Everyone is talking about social distancing to avoid spreading the coronavirus. Public health experts are urging people to avoid crowds and to stay home as much as possible as introverts joke that they've perfected this.
But what is social distancing? Does it mean that you should be completely homebound and act like a hermit indefinitely?
"Generally social distancing means doing things to keep away from exposure from other people," Crystal Watson, a senior scholar at the Center for Health Security at Johns Hopkins University, told TODAY. "That means staying away from large crowds. That means trying to stay home — especially if you're sick."
Why practice social distancing?
“Americans should begin social distancing (no handshaking, eliminate non-essential travel and meetings). The reason is not so much to get practice or to reduce personal risk, as to reduce the intensity of the COVID-19 epidemic and spare the health care system,” Nicholas A. Christakis, a professor of social and natural science at Yale, shared in a Tweet in early March.
Avoiding crowds or handshakes can help contain many illnesses (not just coronavirus) because of how viruses flourish.
“A lot of our respiratory viruses, including the new coronavirus, can be primarily spread by droplets, which means that when you cough or sneeze these droplets come out of your respiratory tract,” Dr. Rosemary Olivero, division chief for pediatric infectious disease at Helen DeVos Children’s Hospital in Grand Rapids, Michigan, told TODAY. “They can either be inhaled by another person or land on your body.”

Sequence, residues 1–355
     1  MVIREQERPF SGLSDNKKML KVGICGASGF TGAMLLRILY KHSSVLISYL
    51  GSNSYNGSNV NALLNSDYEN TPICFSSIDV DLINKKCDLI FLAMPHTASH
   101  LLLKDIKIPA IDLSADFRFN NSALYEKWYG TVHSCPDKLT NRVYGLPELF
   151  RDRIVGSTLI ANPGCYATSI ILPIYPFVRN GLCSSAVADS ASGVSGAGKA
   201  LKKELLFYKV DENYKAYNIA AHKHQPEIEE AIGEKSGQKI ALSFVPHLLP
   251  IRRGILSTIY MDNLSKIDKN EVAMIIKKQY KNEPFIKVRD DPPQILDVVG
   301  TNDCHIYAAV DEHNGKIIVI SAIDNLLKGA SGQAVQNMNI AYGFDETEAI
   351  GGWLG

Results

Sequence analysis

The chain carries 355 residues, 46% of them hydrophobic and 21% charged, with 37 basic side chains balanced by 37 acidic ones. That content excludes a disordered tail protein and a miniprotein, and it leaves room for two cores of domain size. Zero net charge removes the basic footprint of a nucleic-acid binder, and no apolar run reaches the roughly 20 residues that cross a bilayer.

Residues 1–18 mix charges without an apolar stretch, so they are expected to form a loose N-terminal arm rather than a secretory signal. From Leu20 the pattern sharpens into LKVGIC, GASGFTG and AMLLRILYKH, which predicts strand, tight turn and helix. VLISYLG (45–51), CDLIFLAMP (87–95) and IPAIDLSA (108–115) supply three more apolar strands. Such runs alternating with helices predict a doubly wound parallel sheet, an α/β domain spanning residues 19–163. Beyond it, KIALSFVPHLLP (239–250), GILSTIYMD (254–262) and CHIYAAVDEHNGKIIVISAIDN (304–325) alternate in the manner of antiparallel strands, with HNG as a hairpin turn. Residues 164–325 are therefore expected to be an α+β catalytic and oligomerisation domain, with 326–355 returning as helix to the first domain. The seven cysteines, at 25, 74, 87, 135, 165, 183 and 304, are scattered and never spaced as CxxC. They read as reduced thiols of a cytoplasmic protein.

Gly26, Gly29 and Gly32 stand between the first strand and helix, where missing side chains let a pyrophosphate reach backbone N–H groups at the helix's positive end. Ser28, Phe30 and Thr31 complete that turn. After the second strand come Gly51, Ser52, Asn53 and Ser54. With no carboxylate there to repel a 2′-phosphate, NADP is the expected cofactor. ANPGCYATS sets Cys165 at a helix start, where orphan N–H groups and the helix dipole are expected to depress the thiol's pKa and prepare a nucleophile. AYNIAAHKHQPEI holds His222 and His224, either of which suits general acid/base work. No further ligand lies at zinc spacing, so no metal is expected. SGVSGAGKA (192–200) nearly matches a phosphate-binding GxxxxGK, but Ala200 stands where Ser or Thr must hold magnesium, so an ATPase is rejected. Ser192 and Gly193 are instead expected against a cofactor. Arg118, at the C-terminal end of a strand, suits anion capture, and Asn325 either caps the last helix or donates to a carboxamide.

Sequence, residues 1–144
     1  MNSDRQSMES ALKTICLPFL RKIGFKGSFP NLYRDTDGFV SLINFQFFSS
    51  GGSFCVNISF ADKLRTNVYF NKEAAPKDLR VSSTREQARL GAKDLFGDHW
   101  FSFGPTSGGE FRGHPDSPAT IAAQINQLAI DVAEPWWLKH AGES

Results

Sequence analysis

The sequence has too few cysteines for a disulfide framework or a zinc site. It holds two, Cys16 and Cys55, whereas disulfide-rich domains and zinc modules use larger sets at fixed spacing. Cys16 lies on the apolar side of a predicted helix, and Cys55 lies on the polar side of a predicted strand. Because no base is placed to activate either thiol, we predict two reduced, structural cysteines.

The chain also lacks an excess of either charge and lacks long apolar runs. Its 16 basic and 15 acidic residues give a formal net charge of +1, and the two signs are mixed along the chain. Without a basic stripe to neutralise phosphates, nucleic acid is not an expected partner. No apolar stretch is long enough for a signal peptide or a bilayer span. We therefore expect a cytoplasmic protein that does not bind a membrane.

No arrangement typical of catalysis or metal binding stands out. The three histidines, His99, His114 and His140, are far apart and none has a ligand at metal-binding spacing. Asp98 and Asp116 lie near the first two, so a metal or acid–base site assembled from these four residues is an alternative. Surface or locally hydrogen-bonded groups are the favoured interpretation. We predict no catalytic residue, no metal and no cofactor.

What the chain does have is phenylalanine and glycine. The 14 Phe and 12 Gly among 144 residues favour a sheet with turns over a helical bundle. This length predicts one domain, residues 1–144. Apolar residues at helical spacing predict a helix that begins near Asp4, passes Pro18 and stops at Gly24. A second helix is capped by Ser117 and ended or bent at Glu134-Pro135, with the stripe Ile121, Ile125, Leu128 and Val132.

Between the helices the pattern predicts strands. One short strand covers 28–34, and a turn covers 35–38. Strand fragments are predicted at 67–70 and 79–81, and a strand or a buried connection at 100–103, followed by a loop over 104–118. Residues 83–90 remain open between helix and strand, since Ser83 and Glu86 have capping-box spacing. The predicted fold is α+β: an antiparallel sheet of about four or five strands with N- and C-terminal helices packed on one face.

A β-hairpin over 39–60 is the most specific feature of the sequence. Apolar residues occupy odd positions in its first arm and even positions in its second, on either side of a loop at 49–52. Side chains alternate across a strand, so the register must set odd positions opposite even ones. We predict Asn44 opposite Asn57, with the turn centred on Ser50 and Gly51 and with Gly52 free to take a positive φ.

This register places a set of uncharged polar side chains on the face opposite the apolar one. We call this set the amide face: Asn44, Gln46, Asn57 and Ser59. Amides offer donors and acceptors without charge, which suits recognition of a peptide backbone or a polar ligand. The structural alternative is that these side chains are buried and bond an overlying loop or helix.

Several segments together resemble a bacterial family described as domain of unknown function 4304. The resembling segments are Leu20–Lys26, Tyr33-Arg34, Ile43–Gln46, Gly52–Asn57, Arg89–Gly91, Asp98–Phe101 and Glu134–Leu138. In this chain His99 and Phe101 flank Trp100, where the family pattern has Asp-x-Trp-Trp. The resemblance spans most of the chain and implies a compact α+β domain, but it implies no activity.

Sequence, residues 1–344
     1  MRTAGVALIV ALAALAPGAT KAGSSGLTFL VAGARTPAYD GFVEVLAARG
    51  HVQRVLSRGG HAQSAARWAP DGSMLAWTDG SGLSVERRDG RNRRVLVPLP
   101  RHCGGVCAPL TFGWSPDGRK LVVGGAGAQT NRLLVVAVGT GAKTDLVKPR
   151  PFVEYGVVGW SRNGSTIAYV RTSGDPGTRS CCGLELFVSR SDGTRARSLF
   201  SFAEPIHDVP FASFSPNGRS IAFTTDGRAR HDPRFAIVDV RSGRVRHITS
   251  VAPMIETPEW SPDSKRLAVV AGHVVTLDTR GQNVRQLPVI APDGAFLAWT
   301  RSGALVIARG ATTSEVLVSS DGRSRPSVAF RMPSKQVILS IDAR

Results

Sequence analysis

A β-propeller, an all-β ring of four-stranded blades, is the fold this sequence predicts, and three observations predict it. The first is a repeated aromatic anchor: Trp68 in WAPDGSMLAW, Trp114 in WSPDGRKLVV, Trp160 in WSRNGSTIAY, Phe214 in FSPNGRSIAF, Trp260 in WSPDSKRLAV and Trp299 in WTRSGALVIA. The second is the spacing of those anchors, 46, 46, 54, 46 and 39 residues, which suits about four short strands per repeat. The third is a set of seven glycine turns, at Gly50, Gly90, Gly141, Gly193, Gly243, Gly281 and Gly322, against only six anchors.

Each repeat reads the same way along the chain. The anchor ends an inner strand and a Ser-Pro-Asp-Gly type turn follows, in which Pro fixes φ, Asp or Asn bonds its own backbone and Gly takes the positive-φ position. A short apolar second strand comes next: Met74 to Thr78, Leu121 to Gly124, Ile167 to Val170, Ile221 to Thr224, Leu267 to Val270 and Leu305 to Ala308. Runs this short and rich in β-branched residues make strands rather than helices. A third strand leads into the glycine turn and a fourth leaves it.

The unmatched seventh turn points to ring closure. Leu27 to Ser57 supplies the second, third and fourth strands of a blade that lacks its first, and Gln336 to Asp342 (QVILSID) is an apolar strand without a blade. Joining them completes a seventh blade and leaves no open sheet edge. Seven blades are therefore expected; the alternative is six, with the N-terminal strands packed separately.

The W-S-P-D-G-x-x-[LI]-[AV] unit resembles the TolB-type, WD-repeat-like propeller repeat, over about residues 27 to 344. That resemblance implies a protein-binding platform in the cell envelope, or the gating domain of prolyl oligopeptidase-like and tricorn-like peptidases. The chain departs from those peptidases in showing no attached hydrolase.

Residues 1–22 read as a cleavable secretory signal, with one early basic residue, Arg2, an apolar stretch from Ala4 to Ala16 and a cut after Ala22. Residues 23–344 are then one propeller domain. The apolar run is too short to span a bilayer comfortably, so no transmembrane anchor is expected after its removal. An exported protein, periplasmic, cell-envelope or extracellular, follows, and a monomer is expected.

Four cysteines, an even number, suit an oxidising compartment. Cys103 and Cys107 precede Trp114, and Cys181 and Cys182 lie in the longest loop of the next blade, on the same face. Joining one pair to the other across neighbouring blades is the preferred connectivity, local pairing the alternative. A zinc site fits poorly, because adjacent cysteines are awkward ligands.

To avoid infection, experts encourage people to stay about six feet away from others.
"Studies have shown that viruses like this transmit through droplets, droplets that are created with a cough or a sneeze," Watson said. "That is why we recommend staying six feet away from each other."
When the droplets land on the hands viruses really start migrating.
“Viruses can live on your hands and when one person has a virus on his hands and you shake that hand and then you take your hand and you pinch your nose or your rub your eyes or you go to get that piece of food that's in your teeth (then you get the virus),” Suzanne Willard, associate dean of global health at Rutgers University School of Nursing in New Jersey, told TODAY.
Fist or elbow bumping might be safer, but most people would understand skipping a handshake for a few weeks.
What you can and can't do with social distancing
For many, the concept of social distancing is a little confusing. That's because a lot of it is based on an individual's health and location. While the experts want to reduce the spread of the virus, they know that asking people to stay home 24/7 sounds impossible (and insane) to many.
"It's a hard judgment call," Watson said.
She said people should avoid gatherings of 50 or more people. Larger group settings make it easier for the virus to spread. Many states and cities are banning large gatherings to lessen opportunities for the virus to thrive.
Does that mean going to a small local restaurant or bar is safe? It depends.
"If you are in a city or a location where there is not a lot of active transmission I would lean more to going out in small amounts," Watson said.